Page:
Why is ‘Seven Samurai’ so good?


Anne Billson, BBC Culture про те, чому «Сім самураїв» були визнані кінокритиками найкращим іншомовним фільмом.

Akira Kurosawa’s epic topped BBC Culture’s poll to find the 100 greatest foreign-language films. But the influential Japanese director’s international success wasn’t mirrored at home.

Akira Kurosawa’s Seven Samurai (1954) is a three-and-a half-hour-long black-and-white epic set in war-torn, 16th-Century Japan. As elevator pitches go, it’s hardly ideal, yet not only did Seven Samurai take first place in BBC Culture’s 100 greatest foreign-language film poll, with 41 critics (20 per cent of the total) voting for it, Kurosawa was one of the most popular directors overall, with three of his other films (Rashomon, Ikiru and Ran) all making the top 100. Tellingly, though, Kurosawa’s global appeal didn’t reach as far as the Japanese critics who took part; not one of them voted for Seven Samurai, or any other Kurosawa film, preferring the subtler homegrown talents of Yasujirô Ozu and Kenji Mizoguchi. But perhaps that’s what we should have expected. Even during his most successful film-making years, Kurosawa was often held in higher esteem abroad than in his own country.

To begin with, he was the first Japanese director to win international acclaim when his film Rashomon was awarded the Golden Lion at the 1951 Venice Film Festival. And Seven Samurai surely owes part of its popularity in the West to the fact that, in the pre-video era, it was one of the first Japanese films many viewers had ever seen. It introduced a culture that was foreign yet intriguing, and accessible to audiences weaned on Hollywood westerns. In later years, Kurosawa tended to downplay his enthusiasm for the films of John Ford, but his achievement was to combine the conventions of the western with a radical new fusion of Japanese genres: the chambara (swordplay film) and the jidaigeki (period drama).

Seven Samurai plants its narrative hook right at the start, as a group of bandits decides to wait until after the harvest before raiding a village in the mountains. They’re overheard by a farmer, who conveys the bad news to his fellow villagers. After much wailing and breast-beating, they resolve to hire samurai for protection, but being impoverished, all they can offer as payment is rice. We then follow the village delegates on their seemingly impossible quest to convince proud samurai to join their cause. After some initial setbacks, they stumble across a mini-drama in which a veteran warrior called Kambei (Takashi Shimura, one of Kurosawa’s favourite actors) astonishes onlookers by shaving off his topknot (a symbol of samurai pride), so he can disguise himself as a bald monk and rescue a child being held hostage by a thief.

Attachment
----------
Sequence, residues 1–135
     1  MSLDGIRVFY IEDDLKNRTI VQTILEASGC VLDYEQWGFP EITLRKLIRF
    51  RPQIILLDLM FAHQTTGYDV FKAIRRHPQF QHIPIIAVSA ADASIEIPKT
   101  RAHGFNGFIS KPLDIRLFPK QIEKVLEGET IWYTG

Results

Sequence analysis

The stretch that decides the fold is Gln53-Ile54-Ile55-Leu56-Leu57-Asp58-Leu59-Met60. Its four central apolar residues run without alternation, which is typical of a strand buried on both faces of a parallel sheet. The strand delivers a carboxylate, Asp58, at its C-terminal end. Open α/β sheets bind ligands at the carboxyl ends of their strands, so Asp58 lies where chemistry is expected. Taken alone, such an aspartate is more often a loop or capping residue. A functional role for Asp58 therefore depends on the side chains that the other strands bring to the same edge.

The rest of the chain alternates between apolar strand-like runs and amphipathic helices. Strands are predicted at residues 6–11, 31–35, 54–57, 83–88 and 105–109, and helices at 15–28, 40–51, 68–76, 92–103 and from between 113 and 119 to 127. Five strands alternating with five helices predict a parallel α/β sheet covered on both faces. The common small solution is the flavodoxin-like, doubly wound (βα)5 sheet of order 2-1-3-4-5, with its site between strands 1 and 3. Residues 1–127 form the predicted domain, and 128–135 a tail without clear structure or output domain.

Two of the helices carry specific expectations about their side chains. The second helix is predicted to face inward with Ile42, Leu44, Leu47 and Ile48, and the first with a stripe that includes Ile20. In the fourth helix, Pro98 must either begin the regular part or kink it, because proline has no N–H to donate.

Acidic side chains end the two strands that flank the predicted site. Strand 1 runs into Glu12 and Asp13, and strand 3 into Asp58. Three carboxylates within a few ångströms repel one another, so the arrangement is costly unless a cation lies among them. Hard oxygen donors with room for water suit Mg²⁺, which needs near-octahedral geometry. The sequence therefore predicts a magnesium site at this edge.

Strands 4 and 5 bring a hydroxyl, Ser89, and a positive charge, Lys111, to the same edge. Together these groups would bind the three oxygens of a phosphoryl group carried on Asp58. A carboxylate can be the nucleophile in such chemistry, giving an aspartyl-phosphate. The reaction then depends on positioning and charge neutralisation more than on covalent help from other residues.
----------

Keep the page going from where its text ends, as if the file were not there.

Once the experienced Kambei is won over to the villagers’ cause, the film launches into the mother of all ‘assembling the team’ sequences, now an obligatory part of so many action and heist movies. One by one, six other rōnin (masterless samurai) are persuaded to participate in a probable suicide mission that will bring them neither money nor fame: an old war buddy of Kambei, a skilled archer, a cheerful fellow reduced to chopping wood, a master swordsman who just wants to perfect his art, an untested young samurai who is eager to prove his manhood.

And, finally, there’s Kikuchiyo (Toshiro Mifune, Kurosawa’s other acteur fétiche), a half-crazed swaggerer whose claims to be a member of the samurai class are almost immediately exposed as fiction. Shrugging off the others’ ridicule, he tags along as they trek back to the village.